by Jean Craighead George
a book review by Jackie Houchin
MY SIDE OF THE MOUNTAIN by Jean Craighead George is an engrossing tale of a boy who ran away from home in the city, and never when back. He became instead what the newspapers later called “a wild boy.” But in truth he was not that. He was a civilized teen living in the Woods. From that first attempt at fire to making his own cozy home, clothes, cooking and eating utensils, even musical instruments, he was civilized.
He lived a year of seasons alone, eating off the land and improvising. He ate animals and fish, at first fresh, then dried, plus plants, roots and nuts. Later he filled a storehouse with them for the winter. He learned to tan animal skins to make clothes, shoes, bedding, and strings and ties. He bathed regularly, wrote notes on waterproof, enduring birch bark, and learned to read the weather “barometer” from the animals. What he needed he made or found, including a helpful “Frightful” companion for hunting and friendship.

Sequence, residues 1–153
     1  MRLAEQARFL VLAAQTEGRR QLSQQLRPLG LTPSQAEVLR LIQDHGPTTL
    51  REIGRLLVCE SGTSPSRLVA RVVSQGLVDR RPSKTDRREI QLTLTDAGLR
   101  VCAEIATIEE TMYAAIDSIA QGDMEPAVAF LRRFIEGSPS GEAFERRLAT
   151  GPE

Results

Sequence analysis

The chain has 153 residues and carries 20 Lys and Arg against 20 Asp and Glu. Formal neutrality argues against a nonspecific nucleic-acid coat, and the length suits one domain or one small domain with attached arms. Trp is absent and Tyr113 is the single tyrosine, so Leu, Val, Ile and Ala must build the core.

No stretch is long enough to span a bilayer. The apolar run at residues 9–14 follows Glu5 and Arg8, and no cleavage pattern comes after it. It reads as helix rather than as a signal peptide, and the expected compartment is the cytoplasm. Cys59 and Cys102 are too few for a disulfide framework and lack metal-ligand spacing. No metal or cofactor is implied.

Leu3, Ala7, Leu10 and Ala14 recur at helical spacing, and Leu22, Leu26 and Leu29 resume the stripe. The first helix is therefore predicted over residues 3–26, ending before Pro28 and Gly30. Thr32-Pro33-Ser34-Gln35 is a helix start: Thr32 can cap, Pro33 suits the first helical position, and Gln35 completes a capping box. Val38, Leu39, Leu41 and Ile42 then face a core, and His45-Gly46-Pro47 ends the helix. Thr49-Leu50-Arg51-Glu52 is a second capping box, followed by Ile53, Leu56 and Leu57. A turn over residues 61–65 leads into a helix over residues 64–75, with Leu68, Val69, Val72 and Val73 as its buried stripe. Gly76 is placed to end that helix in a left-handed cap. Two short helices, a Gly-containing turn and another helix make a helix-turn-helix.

This book was akin in my mind to a Swiss Family Robinson or a Robinson Crusoe in many ways – at least in the marvelous improvisions. I thoroughly enjoyed “Thoreau’s” adventure and was a little saddened as it came to an end, well, not exactly to an end.
MY SIDE OF THE MOUNTAIN is an educational as well as a uniquely fastinating and dream-inspiring book. (Don’t worry, parents, your kids won’t run away from home after reading it.)